• 1/2 yard binding
  • 3 1/4 yards backing 


For two smaller quilts measuring 36.5″x45.5″ each

  • One  Layer Cake (each quilt uses 20 squares)
  • coordinating thread
  • 3/4 yard binding (will bind both)
  • 3 yards backing (will back both)


    Step 1 – Choose ten pre-cut 10 inch squares and lay them directly on top of one another making sure they are aligned. Using a ruler and rotary cutter, make a diagonal cut through all ten layers. Make sure the cut is similar to the one shown below (i.e. don’t make the cut too slanted).

    After you make the diagonal cut, you will have two stacks of fabric: Stack A and stack B.

    Step 2 –  From stack A, take the bottom piece and from stack B take the top piece. Place them together as shown below. Piece these two pieces together (with right sides facing together, sew a 1/4″ seam allowance). Repeat until stack A and B are all pieced together.

    Tip: For faster piecing, you can chain piece:

    Step 3 –  After you’ve completed Step 2, press open all of the blocks using an iron. Next, stack all of your blocks on top of one another, same as you did in Step 1. Make sure all the blocks are facing the same direction and are aligned. Rotate the stack and then make a diagonal cut again, as shown below.  Once again, you will have stacks A and B.

    Repeat Step 2 with stacks A and B:

    After sewing together, press open with an iron. A finished block will look like this:

    Repeat steps one through three with ten more pre-cut ten inch squares so that you will yield a total of 20 finished blocks. If you want to make the bigger quilt, repeat the steps until you yield a total of 42 finished blocks.
    Step 4 –  To make the smaller quilt, lay all 20 finished blocks in a 4×5 formation as shown below. To make the bigger quilt, lay all 42 finished blocks in a 6×7 formation. 
    To piece the quilt top together, first sew all four blocks together in each row, and then sew each row together. (Using a 1/4″ seam allowance, sew with the right sides facing each other, and then press open with an iron).

    Lastly, baste and bind your quilt. That’s all there is to it!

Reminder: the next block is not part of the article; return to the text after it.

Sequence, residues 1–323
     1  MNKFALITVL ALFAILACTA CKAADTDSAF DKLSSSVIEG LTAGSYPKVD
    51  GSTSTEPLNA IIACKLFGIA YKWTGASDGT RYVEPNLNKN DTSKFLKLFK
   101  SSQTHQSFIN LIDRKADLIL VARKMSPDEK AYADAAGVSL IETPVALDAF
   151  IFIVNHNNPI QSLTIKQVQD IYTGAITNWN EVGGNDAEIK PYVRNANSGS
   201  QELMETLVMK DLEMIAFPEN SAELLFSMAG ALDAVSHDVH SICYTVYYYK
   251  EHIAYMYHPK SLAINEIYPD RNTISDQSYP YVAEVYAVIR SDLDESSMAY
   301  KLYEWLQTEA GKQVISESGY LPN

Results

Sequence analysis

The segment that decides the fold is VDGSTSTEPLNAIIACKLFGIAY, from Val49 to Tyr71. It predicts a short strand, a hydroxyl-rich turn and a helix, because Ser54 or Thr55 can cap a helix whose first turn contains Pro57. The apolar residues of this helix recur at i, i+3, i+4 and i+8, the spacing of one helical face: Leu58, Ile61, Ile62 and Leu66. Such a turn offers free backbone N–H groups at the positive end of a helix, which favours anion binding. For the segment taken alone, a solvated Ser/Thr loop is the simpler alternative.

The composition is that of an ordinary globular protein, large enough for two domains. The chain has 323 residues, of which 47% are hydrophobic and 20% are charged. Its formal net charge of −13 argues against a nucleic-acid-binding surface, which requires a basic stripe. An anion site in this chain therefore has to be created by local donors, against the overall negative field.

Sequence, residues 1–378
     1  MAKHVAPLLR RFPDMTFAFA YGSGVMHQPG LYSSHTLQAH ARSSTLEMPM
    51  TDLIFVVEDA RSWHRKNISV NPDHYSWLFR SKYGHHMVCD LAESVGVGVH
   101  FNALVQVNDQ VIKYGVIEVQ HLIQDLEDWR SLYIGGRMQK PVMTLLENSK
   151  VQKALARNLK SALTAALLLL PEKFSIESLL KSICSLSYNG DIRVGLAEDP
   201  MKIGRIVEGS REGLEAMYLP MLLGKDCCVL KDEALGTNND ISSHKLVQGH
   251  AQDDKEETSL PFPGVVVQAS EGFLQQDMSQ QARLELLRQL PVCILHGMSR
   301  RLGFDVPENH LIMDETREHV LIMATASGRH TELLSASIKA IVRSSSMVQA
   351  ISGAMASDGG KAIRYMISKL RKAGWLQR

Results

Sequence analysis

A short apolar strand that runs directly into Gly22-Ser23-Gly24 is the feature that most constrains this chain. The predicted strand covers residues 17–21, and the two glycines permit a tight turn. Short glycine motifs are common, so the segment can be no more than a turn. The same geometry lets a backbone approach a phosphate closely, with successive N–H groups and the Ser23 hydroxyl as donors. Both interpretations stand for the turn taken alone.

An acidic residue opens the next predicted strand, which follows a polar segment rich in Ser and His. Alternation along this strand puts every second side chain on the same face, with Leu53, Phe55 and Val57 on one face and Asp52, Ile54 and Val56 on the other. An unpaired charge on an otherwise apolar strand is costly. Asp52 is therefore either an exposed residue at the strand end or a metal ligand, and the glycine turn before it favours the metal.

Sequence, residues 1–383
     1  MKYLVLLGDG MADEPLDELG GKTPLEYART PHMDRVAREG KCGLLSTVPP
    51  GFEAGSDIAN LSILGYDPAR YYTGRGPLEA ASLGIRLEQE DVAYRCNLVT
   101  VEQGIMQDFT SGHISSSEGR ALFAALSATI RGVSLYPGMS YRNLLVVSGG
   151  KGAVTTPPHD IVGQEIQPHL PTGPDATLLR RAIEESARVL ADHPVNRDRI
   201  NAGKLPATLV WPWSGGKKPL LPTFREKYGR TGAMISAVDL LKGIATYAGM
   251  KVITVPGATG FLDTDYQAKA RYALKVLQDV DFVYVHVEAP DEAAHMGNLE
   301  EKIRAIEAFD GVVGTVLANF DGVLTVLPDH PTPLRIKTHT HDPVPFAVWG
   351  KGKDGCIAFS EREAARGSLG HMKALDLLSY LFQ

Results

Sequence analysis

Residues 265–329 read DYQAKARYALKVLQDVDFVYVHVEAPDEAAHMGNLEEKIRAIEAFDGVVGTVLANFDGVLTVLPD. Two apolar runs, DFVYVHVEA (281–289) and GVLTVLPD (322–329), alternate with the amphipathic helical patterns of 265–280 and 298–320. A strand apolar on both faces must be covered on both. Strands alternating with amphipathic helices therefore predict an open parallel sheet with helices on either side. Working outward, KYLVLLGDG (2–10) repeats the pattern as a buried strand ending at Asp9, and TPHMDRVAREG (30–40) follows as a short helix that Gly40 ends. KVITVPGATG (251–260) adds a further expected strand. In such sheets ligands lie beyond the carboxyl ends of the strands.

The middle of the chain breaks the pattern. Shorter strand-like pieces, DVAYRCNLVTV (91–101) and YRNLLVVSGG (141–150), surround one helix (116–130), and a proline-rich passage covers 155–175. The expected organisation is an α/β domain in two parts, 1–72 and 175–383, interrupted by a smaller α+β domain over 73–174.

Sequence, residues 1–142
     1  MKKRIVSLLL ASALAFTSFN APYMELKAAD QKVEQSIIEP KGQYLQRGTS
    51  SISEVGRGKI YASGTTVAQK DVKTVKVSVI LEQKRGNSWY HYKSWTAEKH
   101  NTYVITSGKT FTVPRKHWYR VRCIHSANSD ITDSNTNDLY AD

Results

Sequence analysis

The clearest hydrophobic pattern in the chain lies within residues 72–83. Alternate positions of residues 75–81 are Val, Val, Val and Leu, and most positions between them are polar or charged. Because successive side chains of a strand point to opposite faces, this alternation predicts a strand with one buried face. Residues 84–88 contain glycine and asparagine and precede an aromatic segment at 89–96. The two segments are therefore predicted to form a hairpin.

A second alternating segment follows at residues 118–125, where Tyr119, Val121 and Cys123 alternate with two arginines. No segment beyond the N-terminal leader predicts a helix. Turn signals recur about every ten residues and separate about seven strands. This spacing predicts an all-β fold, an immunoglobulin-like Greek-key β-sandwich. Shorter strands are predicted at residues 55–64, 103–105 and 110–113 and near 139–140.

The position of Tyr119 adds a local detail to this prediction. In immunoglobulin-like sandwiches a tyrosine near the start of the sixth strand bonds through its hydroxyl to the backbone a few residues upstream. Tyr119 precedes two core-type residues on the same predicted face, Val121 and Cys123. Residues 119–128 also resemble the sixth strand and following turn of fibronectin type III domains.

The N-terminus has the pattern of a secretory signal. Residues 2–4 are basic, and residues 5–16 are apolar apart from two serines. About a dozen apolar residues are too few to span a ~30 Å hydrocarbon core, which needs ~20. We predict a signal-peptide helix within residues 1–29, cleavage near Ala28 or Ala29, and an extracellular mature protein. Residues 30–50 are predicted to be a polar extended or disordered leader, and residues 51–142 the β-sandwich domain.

Two smaller quilts measuring 36.5″x45.5″ each, or one big quilt measuring 54.5″x63.5″

    The fabric I used in the above images are from Moda’s Marmalade collection. Below I used a combination of Moda’s Sew Stitchy and Noteworthy collection. This pattern is so much fun I’ve used several different collections, so grab a Layer Cake and have fun!

    Happy Quilting 🙂

    Jera Brandvig

    Happy Go Round Quilt

    Hi, Moda Bake Shop readers! It’s Lisa Calle from Vintage Modern Quilts, sharing a project I love to pieces. You may have already seen a sneak peek of this quilt if you were at QuiltCon in February. I’m happy to share the finished product here today. I love this quilt! Happy Go Lucky from Bonnie and Camille is on the way to becoming one of my all-time favorite lines. The colors, the happy florals, the vintage look, the perfect tiny dots…it’s got everything.

    This is an improv style quilt so you may use more or less fabric than I did…It all depends on your cutting and piecing. I used Bella Solids layer cakes in my quilt top but I’ve given an option below for using yardage instead. Just know that you will have more cutting involved if you opt for yardage.

    1 Layer Cake (Happy Go Lucky by Bonnie and Camille)
    3 coordinating solids layer cakes (I used Robin’s Egg, Blue, and White. NOTE: You will only use a fraction of these layer cakes so you’ll have plenty left for a second quilt or another project. I used 16 Blue, 20 Robin’s Egg, and 12 White.)